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Lieber wrote that MTA crews had been trying to fix the fan since April 7 and that the cameras continued working until April 11, when they went out less than 24 hours before the shooting at the 36th Street station.
“Technicians replaced the fan unit on the morning of April 8, but the network diagnostics still indicated a problem,” he wrote. “MTA technicians made a series of repairs in an effort to correct the issue, and on the morning of Monday April 11, as technicians were installing new communication hardware, the camera failed.”
The alleged gunman, Frank R. James, donned a gas mask, released gas canisters aboard the Manhattan-bound N train, and opened fire, wounding 10 with 19 others injured in the ensuing chaos.
The cameras became a focal point of the investigation.
“Technicians were working in the communications room on the next morning, April 12, when the attack took place,” Lieber wrote. “NYPD directed them to leave the communications room as the investigation began.”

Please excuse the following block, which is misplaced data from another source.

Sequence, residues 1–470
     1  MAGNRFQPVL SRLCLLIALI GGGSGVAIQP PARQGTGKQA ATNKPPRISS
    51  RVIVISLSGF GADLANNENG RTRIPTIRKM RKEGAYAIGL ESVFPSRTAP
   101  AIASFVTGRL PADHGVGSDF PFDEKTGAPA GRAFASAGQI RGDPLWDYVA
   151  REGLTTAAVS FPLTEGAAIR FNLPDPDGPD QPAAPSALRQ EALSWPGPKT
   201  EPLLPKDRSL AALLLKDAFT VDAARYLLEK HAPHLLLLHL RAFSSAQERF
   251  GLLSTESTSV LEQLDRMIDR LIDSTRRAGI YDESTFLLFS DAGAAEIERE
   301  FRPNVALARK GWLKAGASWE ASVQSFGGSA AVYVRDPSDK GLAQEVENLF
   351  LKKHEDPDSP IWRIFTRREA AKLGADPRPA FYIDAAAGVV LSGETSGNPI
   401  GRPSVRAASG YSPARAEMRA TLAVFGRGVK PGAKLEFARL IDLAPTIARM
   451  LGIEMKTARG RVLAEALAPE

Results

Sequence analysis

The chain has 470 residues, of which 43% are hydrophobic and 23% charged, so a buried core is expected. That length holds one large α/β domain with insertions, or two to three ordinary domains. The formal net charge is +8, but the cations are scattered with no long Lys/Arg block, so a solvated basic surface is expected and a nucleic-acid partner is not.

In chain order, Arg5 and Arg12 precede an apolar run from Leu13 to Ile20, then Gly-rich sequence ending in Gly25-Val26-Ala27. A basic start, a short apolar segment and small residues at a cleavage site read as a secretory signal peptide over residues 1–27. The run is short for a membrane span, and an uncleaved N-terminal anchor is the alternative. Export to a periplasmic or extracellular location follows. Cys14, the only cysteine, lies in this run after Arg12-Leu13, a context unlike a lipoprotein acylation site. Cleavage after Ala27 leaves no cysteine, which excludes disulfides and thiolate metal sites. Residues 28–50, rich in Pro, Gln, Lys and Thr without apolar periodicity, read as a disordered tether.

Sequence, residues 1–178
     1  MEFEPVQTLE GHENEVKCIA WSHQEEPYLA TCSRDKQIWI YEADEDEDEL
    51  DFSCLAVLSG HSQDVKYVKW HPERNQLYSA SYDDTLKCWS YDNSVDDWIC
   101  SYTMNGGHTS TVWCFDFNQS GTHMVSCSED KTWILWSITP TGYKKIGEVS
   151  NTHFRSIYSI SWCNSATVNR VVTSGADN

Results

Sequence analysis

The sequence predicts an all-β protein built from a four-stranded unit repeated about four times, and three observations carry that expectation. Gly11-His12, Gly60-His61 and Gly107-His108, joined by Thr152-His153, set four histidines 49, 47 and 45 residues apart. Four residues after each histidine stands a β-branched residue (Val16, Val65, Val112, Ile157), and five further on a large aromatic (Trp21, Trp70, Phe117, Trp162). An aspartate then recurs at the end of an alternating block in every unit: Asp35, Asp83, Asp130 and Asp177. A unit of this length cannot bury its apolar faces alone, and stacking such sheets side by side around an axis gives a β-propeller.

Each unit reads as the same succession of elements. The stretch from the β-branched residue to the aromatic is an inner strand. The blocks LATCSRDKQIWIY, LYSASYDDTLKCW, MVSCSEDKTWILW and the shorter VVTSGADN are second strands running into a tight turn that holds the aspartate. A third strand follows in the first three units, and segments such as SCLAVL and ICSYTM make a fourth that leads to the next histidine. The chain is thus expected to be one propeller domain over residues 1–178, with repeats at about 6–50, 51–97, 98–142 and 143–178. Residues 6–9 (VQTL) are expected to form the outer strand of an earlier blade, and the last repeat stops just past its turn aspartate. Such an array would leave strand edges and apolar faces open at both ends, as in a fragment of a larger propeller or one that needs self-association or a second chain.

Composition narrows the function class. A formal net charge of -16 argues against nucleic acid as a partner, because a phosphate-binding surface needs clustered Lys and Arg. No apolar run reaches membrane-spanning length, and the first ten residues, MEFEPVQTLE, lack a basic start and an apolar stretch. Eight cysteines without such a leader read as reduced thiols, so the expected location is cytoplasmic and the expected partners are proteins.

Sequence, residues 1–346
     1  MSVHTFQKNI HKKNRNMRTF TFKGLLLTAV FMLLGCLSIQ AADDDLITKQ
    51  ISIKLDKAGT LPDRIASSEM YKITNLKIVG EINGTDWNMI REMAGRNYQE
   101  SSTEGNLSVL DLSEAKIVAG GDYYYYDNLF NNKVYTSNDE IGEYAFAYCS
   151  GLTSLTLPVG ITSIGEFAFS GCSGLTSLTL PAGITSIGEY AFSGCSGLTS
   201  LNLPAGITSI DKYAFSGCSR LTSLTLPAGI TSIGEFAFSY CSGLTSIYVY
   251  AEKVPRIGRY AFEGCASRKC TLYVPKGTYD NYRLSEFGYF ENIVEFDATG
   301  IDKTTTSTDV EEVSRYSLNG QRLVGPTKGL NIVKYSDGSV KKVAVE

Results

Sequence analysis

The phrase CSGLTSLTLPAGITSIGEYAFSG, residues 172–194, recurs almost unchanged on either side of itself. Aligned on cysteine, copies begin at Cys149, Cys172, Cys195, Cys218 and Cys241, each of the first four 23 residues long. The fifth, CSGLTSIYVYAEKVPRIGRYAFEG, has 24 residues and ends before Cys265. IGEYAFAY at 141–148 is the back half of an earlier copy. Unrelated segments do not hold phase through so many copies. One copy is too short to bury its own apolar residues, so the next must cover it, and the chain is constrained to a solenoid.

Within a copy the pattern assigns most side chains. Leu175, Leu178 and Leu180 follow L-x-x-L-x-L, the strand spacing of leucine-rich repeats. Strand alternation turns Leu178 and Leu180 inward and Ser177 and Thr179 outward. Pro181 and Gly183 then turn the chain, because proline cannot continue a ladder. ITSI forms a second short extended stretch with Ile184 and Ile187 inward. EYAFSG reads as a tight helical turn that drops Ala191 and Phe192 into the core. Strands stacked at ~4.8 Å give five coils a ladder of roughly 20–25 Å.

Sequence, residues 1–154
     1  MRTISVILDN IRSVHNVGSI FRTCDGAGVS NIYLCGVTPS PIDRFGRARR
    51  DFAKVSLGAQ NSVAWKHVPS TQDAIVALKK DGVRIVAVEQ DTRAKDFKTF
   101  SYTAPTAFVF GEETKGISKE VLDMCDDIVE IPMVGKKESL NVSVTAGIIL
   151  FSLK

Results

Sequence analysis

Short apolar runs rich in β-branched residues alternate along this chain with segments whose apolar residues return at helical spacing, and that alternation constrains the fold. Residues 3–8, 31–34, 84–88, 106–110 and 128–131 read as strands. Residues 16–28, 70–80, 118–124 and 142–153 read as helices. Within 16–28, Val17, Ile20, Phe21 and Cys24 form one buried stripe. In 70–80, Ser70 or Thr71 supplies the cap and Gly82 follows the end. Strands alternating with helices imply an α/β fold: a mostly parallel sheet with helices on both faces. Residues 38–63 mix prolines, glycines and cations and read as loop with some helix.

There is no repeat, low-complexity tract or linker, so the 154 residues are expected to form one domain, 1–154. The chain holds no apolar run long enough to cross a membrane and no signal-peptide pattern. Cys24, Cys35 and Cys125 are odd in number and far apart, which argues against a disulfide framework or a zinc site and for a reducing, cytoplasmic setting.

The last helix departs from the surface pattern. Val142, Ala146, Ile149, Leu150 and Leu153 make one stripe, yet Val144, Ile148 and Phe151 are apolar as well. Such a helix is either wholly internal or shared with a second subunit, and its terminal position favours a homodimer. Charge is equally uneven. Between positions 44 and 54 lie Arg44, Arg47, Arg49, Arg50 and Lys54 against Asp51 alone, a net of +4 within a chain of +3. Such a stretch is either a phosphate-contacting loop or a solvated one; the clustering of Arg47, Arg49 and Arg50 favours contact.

The MTA’s “networking specialists” took the new equipment offsite and reinstalled it at the station.
“All three locations were back on line by 12:30 p.m. on April 13,” Lieber wrote.
The MTA spent millions of dollars on 10,000 cameras at all 472 subway stations in New York City, and Lieber said there were 600 cameras on that one line in Brooklyn that recorded material that helped the department “a great deal.”
The MTA cameras picked up a surveillance image of the mass shooting suspect wearing a vest and hard hat while entering the subway and Kings Highway, but police say the video was not streaming at the three locations after he entered and opened fire.
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Source: This post first appeared on abc7NY